Previously reviewed in 2011 at THE MOVING FINGER (aka THE CASE OF THE MOVING FINGER) - Miss Marple.I decided to re-read the book as part of my participation in in the monthly meme Crime Fiction of the Year Challenge @ Past Offences. The year for February is 1943.I don't want to repeat much of what I said in the earlier review, so I encourage you to look at that one too.We are never really told what has happened to Jerry Burton to bring him and his sister to Little Furze at Lymstock. He appears to have been an airplane pilot who has crashed - he has been in plaster, has something wrong with his back, he walks with sticks, and wonders if he will ever be able to fly again. The timing of the publication seems to suggest he has be in the war, but there is never a reference to the war effort. He is worried that he will be bored with country life, and certainly his sister Joanna has to make a real effort to fit in. But then they get a poison pen letter suggesting that they are not really brother and sister. Others in the village have already had similarly scurrilous letters and more make their appearance. The local police are baffled and call in an expert from Scotland Yard who points out the similarities between these letters and others in earlier cases that he has solved. The local lawyer's wife gets a letter and commits suicide and then a week later a murder takes place.While this is labelled as a "Miss Marple" she really plays a role only in the last quarter of the book. I wondered in my earlier reading about why she appeared so late and I'm almost convinced that Agatha Christie had originally meant this to be a stand-alone. However by the middle of the book, there are too many red herrings, too many possible murderers and the police and the amateur sleuth Jerry Burton are in desperate need of an independent point of view. So Jane Marple to the rescue! Miss Marple is invited to stay by the vicar's wife, Mrs Dane Calthrop. (She, by the way, will appear 20 years later in an Ariadne Oliver title). Miss Marple of course solves the puzzle. She says the solution was pretty simple. Everone else was just focussing on the wrong things.I am amazed that I can re-read these titles and still find something else in them. I must confess also that I don't remember every plot nuance, so I don't get bored with the re-read either.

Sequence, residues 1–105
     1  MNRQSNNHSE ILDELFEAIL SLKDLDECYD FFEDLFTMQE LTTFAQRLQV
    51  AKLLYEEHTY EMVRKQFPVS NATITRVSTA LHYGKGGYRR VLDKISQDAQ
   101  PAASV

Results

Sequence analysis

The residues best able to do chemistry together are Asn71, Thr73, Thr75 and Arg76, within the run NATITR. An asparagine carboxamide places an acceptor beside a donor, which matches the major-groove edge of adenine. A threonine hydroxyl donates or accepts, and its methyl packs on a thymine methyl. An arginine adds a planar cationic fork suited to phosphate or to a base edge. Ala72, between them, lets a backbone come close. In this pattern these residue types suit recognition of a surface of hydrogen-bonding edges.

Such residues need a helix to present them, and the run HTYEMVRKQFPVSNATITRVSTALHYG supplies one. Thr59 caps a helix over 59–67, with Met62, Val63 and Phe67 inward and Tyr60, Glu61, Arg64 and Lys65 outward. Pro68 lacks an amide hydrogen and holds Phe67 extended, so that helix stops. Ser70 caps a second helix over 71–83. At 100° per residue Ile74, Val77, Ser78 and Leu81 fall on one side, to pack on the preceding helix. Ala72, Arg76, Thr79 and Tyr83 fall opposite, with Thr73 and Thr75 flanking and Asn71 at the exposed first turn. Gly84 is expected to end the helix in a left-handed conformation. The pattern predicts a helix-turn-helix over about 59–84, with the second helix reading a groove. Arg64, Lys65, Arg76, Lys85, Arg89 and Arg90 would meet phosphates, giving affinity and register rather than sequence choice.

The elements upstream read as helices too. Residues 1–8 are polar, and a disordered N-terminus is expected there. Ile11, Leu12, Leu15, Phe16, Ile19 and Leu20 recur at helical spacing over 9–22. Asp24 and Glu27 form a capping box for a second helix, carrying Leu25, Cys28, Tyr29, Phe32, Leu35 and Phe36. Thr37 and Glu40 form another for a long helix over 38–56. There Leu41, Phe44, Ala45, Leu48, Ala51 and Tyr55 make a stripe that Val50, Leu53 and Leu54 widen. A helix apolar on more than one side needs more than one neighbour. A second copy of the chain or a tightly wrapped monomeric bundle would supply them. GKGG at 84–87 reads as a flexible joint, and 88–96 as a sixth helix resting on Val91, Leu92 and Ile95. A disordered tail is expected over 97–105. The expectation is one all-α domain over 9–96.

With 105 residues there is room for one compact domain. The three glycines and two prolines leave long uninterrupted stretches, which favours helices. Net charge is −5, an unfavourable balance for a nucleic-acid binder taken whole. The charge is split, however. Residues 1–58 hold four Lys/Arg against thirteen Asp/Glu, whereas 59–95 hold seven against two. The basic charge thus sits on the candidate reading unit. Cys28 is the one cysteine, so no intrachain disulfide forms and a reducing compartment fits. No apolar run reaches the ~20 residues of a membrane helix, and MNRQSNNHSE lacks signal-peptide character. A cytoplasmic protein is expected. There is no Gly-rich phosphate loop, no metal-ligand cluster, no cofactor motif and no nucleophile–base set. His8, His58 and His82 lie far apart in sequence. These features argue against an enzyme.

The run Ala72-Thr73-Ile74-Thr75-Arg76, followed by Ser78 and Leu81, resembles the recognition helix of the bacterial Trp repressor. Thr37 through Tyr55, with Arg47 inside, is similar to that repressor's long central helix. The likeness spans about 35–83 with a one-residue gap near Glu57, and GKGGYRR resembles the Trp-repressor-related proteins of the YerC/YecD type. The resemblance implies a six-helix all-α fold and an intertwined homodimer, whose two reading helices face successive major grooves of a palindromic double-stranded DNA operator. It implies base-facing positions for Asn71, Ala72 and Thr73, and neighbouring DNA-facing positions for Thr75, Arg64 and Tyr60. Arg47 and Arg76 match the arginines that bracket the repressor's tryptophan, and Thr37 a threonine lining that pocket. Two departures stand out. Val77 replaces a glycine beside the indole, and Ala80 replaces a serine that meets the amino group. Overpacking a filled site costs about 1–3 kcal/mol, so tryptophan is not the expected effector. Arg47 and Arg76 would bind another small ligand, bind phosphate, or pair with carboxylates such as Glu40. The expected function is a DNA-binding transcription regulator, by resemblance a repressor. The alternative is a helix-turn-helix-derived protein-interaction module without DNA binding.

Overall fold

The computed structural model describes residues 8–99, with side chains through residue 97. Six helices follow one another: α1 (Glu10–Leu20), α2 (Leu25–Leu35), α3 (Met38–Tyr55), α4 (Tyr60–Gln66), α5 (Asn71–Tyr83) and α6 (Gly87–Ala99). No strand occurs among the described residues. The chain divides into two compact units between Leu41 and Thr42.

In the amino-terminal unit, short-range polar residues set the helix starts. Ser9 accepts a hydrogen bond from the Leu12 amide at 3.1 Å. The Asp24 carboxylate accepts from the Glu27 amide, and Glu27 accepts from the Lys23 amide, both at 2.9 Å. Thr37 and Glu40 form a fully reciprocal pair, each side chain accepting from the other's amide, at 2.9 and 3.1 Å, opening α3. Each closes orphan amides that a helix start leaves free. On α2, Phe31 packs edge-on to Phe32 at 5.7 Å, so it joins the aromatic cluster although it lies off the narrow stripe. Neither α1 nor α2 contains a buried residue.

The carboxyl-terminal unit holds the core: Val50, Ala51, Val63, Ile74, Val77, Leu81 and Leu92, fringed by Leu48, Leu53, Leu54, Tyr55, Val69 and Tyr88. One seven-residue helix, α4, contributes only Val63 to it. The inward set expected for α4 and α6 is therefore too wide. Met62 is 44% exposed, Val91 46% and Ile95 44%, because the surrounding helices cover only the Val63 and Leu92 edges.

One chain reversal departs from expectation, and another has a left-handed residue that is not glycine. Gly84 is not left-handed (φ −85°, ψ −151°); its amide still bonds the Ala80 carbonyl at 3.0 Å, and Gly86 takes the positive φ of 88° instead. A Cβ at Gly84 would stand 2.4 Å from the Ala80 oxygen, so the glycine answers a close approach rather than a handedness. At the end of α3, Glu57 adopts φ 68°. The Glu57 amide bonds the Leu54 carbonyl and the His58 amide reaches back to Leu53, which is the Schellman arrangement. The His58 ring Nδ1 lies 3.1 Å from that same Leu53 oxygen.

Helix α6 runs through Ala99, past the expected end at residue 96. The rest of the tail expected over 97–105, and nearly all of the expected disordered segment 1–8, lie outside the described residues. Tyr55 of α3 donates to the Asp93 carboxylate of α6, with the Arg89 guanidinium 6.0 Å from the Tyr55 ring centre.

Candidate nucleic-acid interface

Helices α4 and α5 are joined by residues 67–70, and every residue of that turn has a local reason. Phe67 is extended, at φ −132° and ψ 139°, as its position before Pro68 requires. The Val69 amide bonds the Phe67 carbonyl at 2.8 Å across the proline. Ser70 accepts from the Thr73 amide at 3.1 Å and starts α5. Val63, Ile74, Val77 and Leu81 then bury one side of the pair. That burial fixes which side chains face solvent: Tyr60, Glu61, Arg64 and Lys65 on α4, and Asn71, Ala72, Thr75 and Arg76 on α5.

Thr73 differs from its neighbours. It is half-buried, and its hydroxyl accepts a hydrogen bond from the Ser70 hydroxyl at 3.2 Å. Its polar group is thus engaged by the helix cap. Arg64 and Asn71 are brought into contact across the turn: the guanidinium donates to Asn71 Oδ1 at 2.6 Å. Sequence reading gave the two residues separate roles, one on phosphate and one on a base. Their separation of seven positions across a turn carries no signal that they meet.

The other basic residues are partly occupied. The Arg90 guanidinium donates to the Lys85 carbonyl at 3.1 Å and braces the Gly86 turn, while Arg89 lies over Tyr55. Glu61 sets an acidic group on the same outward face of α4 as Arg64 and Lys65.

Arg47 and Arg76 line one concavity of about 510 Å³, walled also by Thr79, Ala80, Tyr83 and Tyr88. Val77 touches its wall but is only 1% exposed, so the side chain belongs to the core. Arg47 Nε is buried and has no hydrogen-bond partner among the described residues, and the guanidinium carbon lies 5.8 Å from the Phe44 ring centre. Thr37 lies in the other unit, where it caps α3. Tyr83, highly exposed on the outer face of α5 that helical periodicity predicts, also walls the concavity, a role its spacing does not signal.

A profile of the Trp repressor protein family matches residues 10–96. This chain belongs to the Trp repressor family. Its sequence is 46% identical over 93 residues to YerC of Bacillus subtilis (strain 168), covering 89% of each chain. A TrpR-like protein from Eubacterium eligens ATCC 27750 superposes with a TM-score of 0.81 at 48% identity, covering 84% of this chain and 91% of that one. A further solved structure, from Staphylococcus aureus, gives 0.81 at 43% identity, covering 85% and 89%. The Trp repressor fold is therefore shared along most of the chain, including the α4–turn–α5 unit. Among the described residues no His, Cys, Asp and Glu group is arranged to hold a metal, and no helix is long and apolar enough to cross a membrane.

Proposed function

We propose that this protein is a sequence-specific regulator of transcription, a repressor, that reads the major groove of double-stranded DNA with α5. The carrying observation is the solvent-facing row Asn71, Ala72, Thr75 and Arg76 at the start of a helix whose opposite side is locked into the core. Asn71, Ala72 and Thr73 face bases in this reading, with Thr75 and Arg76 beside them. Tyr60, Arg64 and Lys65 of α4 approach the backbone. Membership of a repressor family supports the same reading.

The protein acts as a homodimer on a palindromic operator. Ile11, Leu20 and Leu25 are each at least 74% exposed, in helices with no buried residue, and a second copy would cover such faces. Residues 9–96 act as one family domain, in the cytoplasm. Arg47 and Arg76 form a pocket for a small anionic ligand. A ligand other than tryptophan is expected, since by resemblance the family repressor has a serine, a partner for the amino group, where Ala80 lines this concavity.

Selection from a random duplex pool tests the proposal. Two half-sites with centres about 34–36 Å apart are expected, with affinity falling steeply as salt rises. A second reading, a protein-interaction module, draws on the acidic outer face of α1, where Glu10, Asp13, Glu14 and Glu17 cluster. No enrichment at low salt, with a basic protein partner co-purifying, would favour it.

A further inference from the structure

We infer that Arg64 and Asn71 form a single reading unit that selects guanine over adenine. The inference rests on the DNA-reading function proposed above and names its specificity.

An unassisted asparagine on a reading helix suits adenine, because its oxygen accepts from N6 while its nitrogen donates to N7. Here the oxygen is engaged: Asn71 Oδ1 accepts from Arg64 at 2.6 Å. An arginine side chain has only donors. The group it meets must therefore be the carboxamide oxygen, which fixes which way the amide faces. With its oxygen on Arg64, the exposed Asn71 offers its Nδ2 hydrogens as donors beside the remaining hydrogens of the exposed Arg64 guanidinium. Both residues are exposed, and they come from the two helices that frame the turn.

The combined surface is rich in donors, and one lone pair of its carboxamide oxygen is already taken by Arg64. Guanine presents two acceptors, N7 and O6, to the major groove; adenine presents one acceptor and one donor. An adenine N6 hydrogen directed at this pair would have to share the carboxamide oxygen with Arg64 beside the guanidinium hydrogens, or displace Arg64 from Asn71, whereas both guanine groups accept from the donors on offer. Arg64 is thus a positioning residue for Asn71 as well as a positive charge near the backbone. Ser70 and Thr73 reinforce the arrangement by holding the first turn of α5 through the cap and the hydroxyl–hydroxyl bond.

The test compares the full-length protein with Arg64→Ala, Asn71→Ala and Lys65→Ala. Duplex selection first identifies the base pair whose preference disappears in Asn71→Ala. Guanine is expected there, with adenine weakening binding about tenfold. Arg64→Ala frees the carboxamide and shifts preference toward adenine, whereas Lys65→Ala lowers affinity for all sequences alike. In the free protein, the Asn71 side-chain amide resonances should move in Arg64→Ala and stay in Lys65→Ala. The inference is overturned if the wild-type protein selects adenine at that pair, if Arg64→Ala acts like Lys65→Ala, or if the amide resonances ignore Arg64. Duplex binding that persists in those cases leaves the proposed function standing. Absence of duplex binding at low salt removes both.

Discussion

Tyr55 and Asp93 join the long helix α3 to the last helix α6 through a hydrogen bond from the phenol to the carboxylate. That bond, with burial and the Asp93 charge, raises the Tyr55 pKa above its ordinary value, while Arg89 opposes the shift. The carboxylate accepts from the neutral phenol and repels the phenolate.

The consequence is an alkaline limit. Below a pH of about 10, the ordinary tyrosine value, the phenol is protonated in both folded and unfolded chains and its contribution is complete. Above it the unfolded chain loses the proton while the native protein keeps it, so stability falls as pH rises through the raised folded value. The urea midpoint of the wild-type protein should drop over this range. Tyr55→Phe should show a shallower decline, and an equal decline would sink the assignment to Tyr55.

• (4/5)
    Classic Ms. Marple -- what's not to love?
  • (4/5)
    Vintage Christie--ranked against her own competition of jaw-dropping books, such as And Then There Were None, this is a tad less memorable, but it still kept me guessing to the end while playing fair with the reader. Otherwise it's more than solid and has all the hallmarks of her best. There is the picture of life in a small English village in the mid-20th Century, Lymstock, which has been suffering from a series of poison pen letters culminating in murder. There's all the clues that come together in the end like clockwork, the red herrings, the plausible suspects, some of whom you favor, and others you come to care about you so hope didn't do it. There's humor, a nice element of romance, suspense--and oh, and Christie's elderly spinster detective Miss Marple. Although she mostly features at the end with the solution, not coming into the tale until Chapter Six of Eight, only a few dozen pages before the end. The story is the first person account of Jerry Burton, staying at the village with his sister while he recovers from an accident, and he's an appealing character through which to follow the tale.